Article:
Objective The purpose of this study was to evaluate ultrasound findings of fetal syphilis and to describe their progression after maternal treatment. Study Design This was a retrospective cohort study from September 1981 to June 2011 of seropositive women after 18 weeks of gestation who had an ultrasound before treatment to evaluate for fetal syphilis. Only those women who received treatment after the initial ultrasound scan, but before delivery, were included. If the initial ultrasound scan was abnormal, serial sonography was performed until resolution of the abnormality or delivery. Patient demographics, ultrasound findings, stage of syphilis, delivery, and infant outcomes were recorded. Standard statistical analyses were performed. Kaplan-Meier estimates were constructed to estimate time to resolution.
Results Two hundred thirty-five women met the inclusion criteria; 73 of them (30%) had evidence of fetal syphilis on initial ultrasound scan. Abnormalities included hepatomegaly (79%), placentomegaly (27%), polyhydramnios (12%), ascites (10%) and abnormal middle cerebral arterial Doppler assessment (33%). After treatment, middle cerebral arterial Doppler assessment abnormalities, ascites, and polyhydramnios resolved first, followed by placentomegaly and finally hepatomegaly. Infant outcomes were available for 173 deliveries; of these, 32 infants (18%) were diagnosed with congenital syphilis. Congenital syphilis was more common when antenatal ultrasound abnormalities were present (39% vs 12%; P <.001). Infant examination findings at delivery were similar between women with and without an abnormal pretreatment ultrasound scan. However, in those infants with congenital syphilis, hepatomegaly was the most frequent abnormality found, regardless of antenatal ultrasound findings.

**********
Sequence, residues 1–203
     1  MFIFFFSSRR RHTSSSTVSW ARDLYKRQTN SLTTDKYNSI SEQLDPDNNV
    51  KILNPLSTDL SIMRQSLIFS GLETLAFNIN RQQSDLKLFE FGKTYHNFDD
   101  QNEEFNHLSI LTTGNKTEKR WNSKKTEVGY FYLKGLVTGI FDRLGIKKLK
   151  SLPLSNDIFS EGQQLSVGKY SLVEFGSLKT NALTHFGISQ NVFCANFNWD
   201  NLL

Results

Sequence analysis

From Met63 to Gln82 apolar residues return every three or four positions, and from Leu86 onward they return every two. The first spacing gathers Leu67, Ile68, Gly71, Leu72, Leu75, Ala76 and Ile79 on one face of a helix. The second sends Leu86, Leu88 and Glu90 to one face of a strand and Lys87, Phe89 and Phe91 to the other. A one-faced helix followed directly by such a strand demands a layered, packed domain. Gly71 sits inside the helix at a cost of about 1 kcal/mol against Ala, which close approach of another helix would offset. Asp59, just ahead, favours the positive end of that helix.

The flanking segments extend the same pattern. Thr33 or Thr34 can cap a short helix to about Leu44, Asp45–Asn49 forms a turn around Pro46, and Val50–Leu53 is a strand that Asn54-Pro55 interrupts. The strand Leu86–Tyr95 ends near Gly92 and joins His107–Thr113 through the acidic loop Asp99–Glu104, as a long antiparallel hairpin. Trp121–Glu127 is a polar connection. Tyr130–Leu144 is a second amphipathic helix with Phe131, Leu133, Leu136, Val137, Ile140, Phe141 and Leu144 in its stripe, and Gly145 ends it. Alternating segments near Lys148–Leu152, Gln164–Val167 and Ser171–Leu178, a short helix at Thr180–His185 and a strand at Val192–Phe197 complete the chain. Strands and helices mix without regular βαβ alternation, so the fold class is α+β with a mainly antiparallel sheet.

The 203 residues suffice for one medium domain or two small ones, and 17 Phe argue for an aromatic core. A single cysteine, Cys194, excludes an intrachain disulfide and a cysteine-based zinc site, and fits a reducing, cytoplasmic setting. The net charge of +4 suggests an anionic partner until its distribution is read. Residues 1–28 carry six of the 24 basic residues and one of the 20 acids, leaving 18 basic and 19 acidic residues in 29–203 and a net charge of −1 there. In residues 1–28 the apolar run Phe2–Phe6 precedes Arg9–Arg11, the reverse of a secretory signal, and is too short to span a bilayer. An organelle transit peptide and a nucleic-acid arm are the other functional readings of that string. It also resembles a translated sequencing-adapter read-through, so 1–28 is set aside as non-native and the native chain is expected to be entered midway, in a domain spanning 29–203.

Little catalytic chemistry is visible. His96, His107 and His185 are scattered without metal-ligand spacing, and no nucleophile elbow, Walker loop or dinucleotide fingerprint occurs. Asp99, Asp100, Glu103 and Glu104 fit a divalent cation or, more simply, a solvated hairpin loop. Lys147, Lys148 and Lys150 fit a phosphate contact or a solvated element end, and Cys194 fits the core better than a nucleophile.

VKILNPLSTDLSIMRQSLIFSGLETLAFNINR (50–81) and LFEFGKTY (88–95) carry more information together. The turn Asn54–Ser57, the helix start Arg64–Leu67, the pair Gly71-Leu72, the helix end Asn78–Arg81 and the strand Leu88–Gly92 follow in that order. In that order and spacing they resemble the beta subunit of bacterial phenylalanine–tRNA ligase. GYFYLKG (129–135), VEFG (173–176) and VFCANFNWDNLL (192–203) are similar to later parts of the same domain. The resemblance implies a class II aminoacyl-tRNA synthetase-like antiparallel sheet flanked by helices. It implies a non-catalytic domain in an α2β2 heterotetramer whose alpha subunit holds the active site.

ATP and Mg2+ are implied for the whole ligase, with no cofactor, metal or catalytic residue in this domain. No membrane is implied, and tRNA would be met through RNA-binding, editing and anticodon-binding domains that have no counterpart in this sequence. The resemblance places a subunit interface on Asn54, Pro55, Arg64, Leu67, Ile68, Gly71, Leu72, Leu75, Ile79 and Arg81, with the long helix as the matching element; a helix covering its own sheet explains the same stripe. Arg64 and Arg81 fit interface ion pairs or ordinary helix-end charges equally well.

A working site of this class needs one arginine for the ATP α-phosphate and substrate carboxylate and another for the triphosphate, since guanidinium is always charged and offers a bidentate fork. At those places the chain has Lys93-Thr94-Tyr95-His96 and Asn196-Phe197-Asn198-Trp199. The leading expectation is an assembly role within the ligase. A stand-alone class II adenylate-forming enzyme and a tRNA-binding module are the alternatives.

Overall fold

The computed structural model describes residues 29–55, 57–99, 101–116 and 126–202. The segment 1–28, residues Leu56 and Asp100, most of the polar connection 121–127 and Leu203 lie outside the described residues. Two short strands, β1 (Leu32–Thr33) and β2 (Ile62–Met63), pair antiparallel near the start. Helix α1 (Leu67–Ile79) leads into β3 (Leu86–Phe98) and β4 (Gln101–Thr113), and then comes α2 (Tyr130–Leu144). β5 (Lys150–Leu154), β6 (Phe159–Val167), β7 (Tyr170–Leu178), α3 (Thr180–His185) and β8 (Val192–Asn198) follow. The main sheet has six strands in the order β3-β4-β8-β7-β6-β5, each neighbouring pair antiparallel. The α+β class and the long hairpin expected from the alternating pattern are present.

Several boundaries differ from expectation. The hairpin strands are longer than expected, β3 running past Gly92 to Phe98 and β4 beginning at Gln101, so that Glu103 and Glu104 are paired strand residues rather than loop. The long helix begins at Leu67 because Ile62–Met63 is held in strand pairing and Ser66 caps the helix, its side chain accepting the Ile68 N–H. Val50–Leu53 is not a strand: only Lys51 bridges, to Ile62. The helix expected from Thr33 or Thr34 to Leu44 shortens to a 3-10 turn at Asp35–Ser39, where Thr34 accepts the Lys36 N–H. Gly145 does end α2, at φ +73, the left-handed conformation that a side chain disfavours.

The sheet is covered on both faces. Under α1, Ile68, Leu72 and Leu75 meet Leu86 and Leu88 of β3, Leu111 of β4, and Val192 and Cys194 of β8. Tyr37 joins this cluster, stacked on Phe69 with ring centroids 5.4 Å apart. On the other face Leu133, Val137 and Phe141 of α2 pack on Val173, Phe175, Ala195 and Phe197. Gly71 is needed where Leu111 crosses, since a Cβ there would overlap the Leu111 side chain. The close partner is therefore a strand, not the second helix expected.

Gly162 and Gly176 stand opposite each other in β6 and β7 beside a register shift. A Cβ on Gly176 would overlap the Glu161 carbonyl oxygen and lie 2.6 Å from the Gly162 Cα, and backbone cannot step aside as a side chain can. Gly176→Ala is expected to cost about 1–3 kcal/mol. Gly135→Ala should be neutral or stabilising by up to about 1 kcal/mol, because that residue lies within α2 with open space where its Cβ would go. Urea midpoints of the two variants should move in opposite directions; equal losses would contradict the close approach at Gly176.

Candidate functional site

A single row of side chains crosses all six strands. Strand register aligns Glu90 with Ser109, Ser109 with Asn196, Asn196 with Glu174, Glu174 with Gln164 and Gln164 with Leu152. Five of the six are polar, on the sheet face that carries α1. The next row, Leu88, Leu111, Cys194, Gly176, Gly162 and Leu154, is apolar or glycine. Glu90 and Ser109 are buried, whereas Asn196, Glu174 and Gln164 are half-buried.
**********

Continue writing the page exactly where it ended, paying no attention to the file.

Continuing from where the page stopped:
Conclusion Sonographic signs of fetal syphilis confer a higher risk of congenital syphilis at delivery for all maternal stages. Hepatomegaly develops early and resolves last after antepartum treatment.
- fetal syphilis
- ultrasound finding
ASJC Scopus subject areas
- Obstetrics and Gynecology